Christian unity is not dependent on a bunch of Christians having the same opinion about certain things. Christian Unity has a different foundation and that’s what the Apostle Paul is showing us here in chapter two of the Letter of Ephesians this morning.
Christian Unity is not found in our agreement on every single issue. Christian Unity is possible when we remember that Jesus is what brings us together.
That word “remember” is important for the Apostle Paul because he uses this word twice in the opening verses of our scripture passage.
Remember what? What did we forget?
Paul says to those of us who did not grow up in the Jewish faith which is probably most, if not all of us,
“Remember that at one time, we were” (and I love how Paul phrases this) “We were strangers to the covenant of promise.”
In other words, unlike the people of the Jewish faith, there was a time when we were not included in God’s covenant. We were the ones who used to be on the outside looking in. It was God’s chosen people who took center stage for God. Not us.
God first formed the people of Israel a long time before any of us when he made a covenant with Abraham way back in the Book of Genesis.
God told Abraham, “It’s through you and your descendents that I will bless you and claim you as my own.”
God has a special place in his heart for the people who have descended from Abraham. They are his chosen people, his covenant people.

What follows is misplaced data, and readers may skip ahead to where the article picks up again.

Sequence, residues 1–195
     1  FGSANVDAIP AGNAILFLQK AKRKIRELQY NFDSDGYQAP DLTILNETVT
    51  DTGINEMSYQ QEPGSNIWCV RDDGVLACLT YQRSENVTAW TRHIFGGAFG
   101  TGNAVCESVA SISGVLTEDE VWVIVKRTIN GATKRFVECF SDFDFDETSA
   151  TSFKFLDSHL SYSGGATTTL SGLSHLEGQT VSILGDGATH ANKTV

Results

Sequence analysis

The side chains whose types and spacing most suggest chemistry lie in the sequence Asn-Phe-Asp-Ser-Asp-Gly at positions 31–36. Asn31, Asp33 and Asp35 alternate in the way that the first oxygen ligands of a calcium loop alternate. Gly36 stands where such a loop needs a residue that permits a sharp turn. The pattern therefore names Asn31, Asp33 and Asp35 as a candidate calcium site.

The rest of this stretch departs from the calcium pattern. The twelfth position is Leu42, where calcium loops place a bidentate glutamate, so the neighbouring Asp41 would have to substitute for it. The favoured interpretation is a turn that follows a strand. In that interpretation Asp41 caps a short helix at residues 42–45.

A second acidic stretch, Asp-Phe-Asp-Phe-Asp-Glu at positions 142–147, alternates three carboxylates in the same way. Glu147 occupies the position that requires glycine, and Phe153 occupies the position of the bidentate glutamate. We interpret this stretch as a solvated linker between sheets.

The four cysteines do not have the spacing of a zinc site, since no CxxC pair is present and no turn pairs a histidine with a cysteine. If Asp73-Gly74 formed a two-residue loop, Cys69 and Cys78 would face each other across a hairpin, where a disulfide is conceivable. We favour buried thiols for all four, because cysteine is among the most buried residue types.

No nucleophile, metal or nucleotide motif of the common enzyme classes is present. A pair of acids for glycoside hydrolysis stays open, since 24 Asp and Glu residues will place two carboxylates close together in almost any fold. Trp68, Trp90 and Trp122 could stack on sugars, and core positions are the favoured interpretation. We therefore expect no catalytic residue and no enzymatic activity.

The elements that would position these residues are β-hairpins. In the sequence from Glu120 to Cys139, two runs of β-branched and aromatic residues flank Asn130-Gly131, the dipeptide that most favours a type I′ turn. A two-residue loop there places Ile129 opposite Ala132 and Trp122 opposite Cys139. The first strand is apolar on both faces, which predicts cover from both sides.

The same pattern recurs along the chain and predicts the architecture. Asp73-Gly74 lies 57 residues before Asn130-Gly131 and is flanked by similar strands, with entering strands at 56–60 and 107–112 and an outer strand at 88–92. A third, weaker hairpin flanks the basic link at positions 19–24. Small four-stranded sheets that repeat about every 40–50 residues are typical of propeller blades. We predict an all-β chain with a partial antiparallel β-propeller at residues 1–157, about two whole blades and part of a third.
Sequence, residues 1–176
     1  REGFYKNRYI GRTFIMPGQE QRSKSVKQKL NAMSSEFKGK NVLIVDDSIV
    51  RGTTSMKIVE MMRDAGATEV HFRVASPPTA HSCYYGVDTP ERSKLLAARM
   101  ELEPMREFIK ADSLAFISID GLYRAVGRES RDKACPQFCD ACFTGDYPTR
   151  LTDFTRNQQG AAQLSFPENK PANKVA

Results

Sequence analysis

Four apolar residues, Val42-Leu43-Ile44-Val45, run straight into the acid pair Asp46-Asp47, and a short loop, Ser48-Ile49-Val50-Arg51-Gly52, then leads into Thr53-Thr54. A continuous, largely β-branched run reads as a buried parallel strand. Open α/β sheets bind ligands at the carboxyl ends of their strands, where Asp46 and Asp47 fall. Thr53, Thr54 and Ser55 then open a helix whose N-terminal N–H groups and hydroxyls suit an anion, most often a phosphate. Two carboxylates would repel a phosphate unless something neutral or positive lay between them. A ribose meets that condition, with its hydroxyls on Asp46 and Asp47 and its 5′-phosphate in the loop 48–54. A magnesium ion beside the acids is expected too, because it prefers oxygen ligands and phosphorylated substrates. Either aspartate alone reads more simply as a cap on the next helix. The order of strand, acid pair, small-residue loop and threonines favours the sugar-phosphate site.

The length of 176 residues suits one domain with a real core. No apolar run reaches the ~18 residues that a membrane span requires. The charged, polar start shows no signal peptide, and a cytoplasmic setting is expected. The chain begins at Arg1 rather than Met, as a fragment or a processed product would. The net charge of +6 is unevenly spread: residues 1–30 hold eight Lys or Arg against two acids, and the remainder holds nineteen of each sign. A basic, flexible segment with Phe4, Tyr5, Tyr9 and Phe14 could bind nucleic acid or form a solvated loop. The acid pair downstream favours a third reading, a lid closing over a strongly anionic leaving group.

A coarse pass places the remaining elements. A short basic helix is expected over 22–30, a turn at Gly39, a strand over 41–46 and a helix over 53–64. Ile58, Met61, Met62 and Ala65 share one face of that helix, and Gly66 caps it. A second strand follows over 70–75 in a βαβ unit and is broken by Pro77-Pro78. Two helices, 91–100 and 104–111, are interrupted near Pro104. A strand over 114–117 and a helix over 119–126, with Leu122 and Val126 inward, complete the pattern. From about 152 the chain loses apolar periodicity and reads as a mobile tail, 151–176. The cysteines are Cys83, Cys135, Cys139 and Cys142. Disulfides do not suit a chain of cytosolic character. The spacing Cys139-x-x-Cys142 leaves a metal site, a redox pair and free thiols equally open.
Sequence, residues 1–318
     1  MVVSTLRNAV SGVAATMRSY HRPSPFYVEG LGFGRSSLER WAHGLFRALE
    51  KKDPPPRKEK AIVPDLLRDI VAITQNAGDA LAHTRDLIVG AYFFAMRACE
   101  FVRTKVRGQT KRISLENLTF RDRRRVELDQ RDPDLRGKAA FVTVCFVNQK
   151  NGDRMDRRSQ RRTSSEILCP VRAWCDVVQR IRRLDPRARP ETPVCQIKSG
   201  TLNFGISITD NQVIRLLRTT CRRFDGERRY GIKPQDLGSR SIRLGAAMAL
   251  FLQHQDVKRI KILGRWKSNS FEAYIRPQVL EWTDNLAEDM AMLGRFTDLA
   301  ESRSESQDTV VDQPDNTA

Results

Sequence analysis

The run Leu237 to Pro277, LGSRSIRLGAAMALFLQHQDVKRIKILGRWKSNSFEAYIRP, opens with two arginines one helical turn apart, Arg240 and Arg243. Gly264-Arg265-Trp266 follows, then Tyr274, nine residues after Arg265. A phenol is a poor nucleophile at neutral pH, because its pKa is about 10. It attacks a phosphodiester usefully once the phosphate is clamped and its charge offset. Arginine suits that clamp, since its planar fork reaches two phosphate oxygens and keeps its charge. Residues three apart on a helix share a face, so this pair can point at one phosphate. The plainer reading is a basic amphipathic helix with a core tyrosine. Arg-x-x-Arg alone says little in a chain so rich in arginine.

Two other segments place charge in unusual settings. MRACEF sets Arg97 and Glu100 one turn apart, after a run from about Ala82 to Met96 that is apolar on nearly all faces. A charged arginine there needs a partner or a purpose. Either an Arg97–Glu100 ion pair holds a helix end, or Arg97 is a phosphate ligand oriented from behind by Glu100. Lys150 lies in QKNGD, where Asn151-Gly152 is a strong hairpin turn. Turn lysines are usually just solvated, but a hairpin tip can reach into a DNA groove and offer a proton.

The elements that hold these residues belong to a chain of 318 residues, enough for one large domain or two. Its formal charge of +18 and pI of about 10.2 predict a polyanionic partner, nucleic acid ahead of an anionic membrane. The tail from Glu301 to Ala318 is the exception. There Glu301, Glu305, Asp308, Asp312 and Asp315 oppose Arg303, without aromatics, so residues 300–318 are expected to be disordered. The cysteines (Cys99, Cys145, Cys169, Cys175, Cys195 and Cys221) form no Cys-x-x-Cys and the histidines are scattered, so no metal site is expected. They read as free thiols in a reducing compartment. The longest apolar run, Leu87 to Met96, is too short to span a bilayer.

And then, there’s us. You and me. Where do we fit? We’re not directly from the family of Abraham. How is it that we find ourselves in this place worshipping the same God as the descendents of Abraham?
Paul tells us why? Jesus.
He’s the only reason why we are now on the inside. It has nothing to do with our family history, our good morals, our wealth, our prestige, our social status, what cars we drive, where we work, how handsome we are or how beautiful we are. But it has everything to do with Jesus.
Paul says that it’s through Jesus that we who were once far off have been brought near.
It’s through Jesus that we have access to the Father.
It’s through Jesus that we are no longer strangers and aliens, but now citizens and members of the household of God.
The church choir met for rehearsal one night. It was a special rehearsal because the youth and college age choir was teaming up with the adult choir to prepare for a big Easter cantata that was fast approaching.
This was the first time that they had teamed up for a big event like a cantata. The youth choir had quite the reputation. In addition to singing in church, they often gave concerts in other churches and even traveled out of state to perform their sacred music in a variety of venues.
A few people in the adult choir, OK, we’re really only talking about one person, had a problem with the youth choir teaming up with the adult choir for the Easter cantata.
It was not uncommon for this adult choir member to exercise passive/aggressive behavior by making rude comments about the youth choir members during the cantata practices.
Evidently, the adult choir member felt threatened by the up and coming youth choir and didn’t want them to have any part in sharing with them for such an important Sunday as Easter.
As the choir director of this church was telling me about this situation, I asked him, “So how did you handle that situation?”
He said, “Well, after about 4 or 5 of those nasty comments during rehearsal, I just couldn’t take it any more. It got to a point where everybody in the two choirs could hear her off the cuff comments, so I decided to confront her negative behavior right there on the spot with everybody listening.”